Although most of the guitar gear on this page can be considered as “optional”, I would strongly encourage you to consider many of the items on this page as essential purchases either to help your playing skills or to prolong the life of your guitar.
- Tuner and Metronome – An electronic guitar tuner is a very useful piece of kit and a metronome is absolutely essential in order to improve your timing when learning to play guitar. The reason I mention these together is that you can often buy a guitar tuner and metronome combined (Korg and Boss are two companies that come to mind for guitar tuners and metronomes). You may, if you purchase online guitar courses, get access to software tuners and metronomes for no extra cost. You can even get a dainty little tuner that clips onto the headstock of your guitar. Check out this one sold via Amazon.co.uk:
- Amplifier – you’ll need to think about buying an amplifier (if your electric or semi-acoustic guitar doesn’t come with one). If this is your first purchase, you will probably only need a practice amp for now (30-100 pounds will get you a decent practice amp). Companies such as Fender, Orange and Vox have amps in this price range. Amps come in all shapes and sizes (actually not really all shapes – most are sort of box-shaped). They have different output setting (measured in watts or “w”) – practice amps are generally in the range of 10-15w (the higher the number the louder the amp can go.
- Vox Amplug – The Vox Amplug is an amazing piece of kit that plugs straight into the jack of your electric guitar and allows you to amplify your guitar through headphones, very handy indeed when you need to practice quitely and more importantly , practice portably. The amplug comes in three “flavours” which correspond to three different types of electric guitar sound… Metal (heavy on distortion effects), Classic Rock and AC-30 (modelled on the vintage Vox AC30 valve amp). There’s even a model for bass guitarists. Each Amplug has an input for your mp3 player so you can jam along with your favourite tracks.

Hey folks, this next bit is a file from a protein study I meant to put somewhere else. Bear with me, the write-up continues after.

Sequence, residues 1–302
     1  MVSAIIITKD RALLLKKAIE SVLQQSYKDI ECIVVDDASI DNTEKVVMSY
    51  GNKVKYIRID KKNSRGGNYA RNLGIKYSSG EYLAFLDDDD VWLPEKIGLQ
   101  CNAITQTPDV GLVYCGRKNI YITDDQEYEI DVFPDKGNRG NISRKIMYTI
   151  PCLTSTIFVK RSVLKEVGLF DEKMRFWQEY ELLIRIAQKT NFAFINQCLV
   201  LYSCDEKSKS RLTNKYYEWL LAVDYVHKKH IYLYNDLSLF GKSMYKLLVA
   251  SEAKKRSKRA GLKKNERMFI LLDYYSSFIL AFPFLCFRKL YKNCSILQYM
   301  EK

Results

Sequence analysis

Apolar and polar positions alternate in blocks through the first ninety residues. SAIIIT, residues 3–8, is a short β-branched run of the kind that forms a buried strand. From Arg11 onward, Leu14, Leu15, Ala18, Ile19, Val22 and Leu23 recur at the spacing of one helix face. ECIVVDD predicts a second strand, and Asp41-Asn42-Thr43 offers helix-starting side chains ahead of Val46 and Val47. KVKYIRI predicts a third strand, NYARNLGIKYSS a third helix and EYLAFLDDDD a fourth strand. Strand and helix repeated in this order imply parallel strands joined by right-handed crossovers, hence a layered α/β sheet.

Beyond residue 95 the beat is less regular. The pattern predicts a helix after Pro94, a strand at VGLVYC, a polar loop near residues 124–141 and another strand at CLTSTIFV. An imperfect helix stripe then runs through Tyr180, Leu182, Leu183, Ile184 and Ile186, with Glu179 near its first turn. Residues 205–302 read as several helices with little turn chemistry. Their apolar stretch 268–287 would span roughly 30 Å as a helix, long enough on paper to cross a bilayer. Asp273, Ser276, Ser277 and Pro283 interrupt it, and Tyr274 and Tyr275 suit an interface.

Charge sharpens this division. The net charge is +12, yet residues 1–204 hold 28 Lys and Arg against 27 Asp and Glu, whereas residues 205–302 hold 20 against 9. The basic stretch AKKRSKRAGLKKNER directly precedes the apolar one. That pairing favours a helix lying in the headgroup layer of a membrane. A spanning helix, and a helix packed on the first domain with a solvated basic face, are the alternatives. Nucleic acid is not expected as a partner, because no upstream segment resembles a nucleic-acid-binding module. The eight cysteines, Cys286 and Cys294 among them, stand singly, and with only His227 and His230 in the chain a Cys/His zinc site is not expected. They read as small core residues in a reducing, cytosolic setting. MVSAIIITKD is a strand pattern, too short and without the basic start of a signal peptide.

- Leads – Loads of manufacturers produce guitar leads of various lengths. For the beginners, leads are used to connect your guitar to amps, either via effects pedals or directly. Your setup will govern the length your leads need to be and how many you’ll need.
- Straps – Your guitar strap is important if you want to play guitar while standing up which you will surely need to do if you want to play gigs one day. These come in many different designs, shapes, sizes and materials. The strap is attached to strap pegs on either end of the guitar body. If you have an acoustic guitar that lacks a strap peg on the neck-side of the guitar body, the strap will have to be tied to the headstock, just behind the nut, beneath the strings (see Guitar Anatomy section if these terms are unfamiliar). You can either buy in specific string designed for this purpose or a medium thickness shoelace will do just as well (it’s what I use).
- Guitar case – you should consider getting a decent hard guitar case rather than just a gig-bag to store your guitar in safely either when travelling or when it’s in storage.